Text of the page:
Eventually, Lake Agnes contributed to Montana’s hatchery program. During the late 1930s, Georgetown Lake’s grayling population — Montana Fish and Game’s primary source of grayling eggs — crashed because of overfishing and a winterkill. While the agency restored that population, Agnes sustained hatchery production. In 1940, department personnel used a temporary trap to take over 300,000 eggs from grayling spawning in its primary inlet. The next year, they installed a permanent trap and erected a cabin to provide shelter from the heavy spring rains and the wood ticks that reportedly infested the area. The 1941 and 1942 harvests each surpassed four million eggs. Agnes remained a source of eggs after collections resumed at Georgetown, yielding over 10 million more eggs between 1943 and the final harvest in 1960.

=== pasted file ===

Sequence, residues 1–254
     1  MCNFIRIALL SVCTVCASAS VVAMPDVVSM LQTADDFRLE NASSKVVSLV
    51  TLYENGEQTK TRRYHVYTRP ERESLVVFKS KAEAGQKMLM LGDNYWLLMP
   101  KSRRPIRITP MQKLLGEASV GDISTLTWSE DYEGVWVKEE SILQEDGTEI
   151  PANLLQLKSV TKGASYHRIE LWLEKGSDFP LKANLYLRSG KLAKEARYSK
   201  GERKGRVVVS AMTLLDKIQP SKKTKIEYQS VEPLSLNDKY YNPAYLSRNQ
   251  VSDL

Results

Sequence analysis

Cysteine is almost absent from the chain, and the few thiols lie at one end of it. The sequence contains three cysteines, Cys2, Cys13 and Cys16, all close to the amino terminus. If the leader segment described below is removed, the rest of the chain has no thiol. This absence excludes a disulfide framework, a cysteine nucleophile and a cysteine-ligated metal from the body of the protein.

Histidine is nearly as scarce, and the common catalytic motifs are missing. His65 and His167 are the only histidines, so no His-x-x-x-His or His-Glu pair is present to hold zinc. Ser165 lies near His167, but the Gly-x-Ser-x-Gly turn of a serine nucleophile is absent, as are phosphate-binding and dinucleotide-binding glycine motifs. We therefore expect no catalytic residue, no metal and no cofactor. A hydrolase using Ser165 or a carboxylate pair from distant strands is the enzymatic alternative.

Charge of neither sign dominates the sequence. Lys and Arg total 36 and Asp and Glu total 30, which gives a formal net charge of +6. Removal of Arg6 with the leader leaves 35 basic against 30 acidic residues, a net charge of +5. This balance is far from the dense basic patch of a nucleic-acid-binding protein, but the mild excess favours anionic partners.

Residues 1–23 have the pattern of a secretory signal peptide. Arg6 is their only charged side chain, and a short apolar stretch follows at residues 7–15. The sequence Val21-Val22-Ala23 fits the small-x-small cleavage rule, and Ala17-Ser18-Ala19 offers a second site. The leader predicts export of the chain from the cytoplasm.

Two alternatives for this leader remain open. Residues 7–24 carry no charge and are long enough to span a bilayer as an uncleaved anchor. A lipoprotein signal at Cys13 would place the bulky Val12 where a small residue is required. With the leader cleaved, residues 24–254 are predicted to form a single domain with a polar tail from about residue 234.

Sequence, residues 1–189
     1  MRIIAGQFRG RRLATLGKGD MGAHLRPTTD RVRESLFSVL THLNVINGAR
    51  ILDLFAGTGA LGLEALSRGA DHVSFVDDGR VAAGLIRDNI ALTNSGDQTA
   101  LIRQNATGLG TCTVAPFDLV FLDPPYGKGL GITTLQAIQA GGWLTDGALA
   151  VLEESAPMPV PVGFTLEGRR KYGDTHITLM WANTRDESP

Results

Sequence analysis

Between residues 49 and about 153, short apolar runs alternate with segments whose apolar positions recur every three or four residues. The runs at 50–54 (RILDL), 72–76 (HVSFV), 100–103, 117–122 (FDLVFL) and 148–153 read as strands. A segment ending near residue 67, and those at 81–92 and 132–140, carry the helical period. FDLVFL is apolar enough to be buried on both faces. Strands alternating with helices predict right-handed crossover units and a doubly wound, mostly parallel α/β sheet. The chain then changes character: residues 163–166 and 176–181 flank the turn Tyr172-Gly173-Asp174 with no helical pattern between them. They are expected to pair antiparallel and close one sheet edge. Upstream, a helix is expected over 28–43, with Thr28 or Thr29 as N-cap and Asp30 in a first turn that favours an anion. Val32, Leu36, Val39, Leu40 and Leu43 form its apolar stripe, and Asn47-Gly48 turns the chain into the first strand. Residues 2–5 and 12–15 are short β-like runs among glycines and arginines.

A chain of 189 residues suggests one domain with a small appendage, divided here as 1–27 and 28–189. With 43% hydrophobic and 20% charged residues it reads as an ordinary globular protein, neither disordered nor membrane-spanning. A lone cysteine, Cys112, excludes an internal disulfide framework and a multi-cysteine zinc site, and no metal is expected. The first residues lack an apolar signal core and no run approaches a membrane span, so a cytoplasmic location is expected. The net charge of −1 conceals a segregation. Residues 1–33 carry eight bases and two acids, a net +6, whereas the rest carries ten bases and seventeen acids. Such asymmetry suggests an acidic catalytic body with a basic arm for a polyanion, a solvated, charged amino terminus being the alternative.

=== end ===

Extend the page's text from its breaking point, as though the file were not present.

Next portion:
Then, the grayling of Lake Agnes became a potential problem as fisheries management evolved during the following decades. When the state looked to preserve and restore the Big Hole’s fluvial grayling population during the 1990s, it identified the fish inhabiting Agnes as a potential genetic threat because of their lacustrine heritage and origins beyond the Big Hole basin. After all, Rock Creek — although a small stream regulated by a headgate at the lake’s outlet — connects Agnes to the Big Hole. The agency ultimately concluded that fish were unlikely to access the river from the lake, and so they remain in Agnes today, awaiting anglers who make the challenging hike to reach them.
But the fishing makes the journey worthwhile. A study completed during the early 1970s estimated that there were some 24,000 adult grayling in Lake Agnes. My informal sampling conducted by hook andw line — the way that biologists originally surveyed Montana’s fisheries — suggests that the lake holds plenty of grayling today.